Containing nanotechnol­ogy research facilities, this structure was con­structed on top of a parking lot in close prox­imity to related research buildings

oLee Street
Signif­icant improvements to Lee Street and the entrance to the Main Hospital are designed to better direct patients and visitors as well as form a more cohesive connection between health system facilities.

 

 

 

The 1990 Master Plan for the University set forth several themes, most of which pertained to the nature of physical development on the Grounds. Two primary notions were that University holdings east of the 29/250 Bypass would be sufficient to accommo­date the expected growth needs of the academy, and that Observatory Hill should be preserved. Given that this plan called for development east of the 250 By­pass, it did not consider the value of integrated, multi-disciplinary facilities as a way to encourage academic connections and conserve resources within the existing development on Grounds. As well, the recommendation to protect the environments on Observatory Hill lacked the scientific analysis provided with the current Grounds Plan’s conservation value study, which further reinforces the need to protect both Observatory Hill and the re­maining North Grounds forest.

The 1990 Master Plan called for unification of the dis­parate parts of Grounds, strengthening the axial order of formal green spaces, and creating better bicycle and pedestrian linkages. It proposed development of ad­ditional housing as well, beyond the location of existing residence halls. In contrast, the current Grounds Plan proposes the creation of greater unity and connectivity throughout Grounds, in order to establish lasting, fitting linkages between buildings, green spaces and precincts. As well, the concurrent development of a Transporta­tion Demand Management (TDM) plan with the 2008 Grounds Plan ensures that bicyclists, pedestrians, and transit facilities are improved to provide the best ac­cess for all travel modes throughout the Grounds. While housing capacity is again in need of expansion, the present Plan proposes redevelopment of existing hous­ing sites to increase density without displacing residen­tial uses from their surrounding supportive uses, green spaces, and academic connections.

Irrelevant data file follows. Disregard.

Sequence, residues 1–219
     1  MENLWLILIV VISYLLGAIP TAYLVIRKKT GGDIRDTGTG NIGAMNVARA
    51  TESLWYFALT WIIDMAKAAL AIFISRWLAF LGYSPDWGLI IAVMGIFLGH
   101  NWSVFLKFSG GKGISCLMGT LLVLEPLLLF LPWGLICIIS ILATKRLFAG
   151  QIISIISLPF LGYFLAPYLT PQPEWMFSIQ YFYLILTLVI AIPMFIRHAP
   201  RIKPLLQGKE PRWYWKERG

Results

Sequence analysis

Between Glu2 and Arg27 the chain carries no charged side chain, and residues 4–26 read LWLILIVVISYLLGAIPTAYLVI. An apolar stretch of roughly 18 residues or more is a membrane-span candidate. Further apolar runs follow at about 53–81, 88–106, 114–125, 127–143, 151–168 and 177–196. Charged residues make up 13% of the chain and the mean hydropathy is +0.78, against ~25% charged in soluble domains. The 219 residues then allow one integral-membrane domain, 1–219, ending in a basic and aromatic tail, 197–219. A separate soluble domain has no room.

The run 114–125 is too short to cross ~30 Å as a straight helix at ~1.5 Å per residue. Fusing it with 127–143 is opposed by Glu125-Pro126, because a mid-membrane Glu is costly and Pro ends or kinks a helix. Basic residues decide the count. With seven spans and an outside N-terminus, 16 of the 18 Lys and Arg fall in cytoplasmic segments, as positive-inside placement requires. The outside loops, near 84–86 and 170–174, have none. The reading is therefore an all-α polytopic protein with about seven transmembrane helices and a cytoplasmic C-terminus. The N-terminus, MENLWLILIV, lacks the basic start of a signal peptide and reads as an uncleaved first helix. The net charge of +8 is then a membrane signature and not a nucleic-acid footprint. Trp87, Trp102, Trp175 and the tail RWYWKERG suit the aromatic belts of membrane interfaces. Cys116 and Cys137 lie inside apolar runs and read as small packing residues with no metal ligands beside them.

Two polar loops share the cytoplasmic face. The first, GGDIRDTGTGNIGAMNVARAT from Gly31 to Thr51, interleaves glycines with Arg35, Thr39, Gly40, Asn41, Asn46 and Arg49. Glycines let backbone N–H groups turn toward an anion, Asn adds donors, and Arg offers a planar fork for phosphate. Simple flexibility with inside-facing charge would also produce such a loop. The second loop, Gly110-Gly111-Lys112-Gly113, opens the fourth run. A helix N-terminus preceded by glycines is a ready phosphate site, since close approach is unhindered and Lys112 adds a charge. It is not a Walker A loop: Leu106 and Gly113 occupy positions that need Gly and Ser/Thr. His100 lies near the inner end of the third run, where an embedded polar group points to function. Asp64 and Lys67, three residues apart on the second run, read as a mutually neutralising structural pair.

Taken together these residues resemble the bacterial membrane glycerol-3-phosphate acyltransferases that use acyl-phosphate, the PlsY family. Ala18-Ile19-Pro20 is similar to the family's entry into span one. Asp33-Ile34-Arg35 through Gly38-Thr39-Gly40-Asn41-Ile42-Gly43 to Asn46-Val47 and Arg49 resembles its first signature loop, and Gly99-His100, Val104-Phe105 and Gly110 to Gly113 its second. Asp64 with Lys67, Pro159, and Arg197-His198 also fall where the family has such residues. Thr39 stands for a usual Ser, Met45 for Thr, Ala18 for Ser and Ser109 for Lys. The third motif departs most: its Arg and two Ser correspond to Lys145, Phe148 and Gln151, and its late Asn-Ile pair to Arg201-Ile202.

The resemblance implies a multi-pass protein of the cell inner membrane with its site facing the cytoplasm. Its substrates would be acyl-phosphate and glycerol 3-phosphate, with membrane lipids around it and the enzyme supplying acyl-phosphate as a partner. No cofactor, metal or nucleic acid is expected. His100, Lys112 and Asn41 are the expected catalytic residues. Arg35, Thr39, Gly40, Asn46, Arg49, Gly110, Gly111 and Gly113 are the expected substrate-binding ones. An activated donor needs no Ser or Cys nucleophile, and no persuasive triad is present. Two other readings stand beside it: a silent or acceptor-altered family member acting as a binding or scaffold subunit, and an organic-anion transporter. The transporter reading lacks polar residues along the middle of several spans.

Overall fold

While there are naturally differences between the present Grounds Plan and previous campus planning efforts, the concepts of the 1990 Master Plan and the 1998 Landscape Master Plan have indeed given rise to several successful projects embodying the goals of the Grounds Plan. The following case studies highlight three such projects. While these projects are different in purpose and use, they have in common their dual suc­cesses of meeting specific needs while improving the larger University community through the establishment of benefits and connections beyond the boundary of each project’s site. The 1990 Master Plan stated that selec­tive infill was needed in West Grounds and that buildings should consider the effects of their location on adjacent green spaces, a goal most certainly accomplished by the Wilsdorf Hall project. The 1990 and 1998 plans also recommended that natural green spaces be preserved and used to promote pedestrian connections throughout Grounds; this has been accomplished by the Dell project. Finally, the plan recommended that measures be taken to weave the Grounds together with greater clarity and spatial continuity. Siting new buildings should bridge the gaps between precincts, a task which has been under­taken by the ambitious South Lawn project.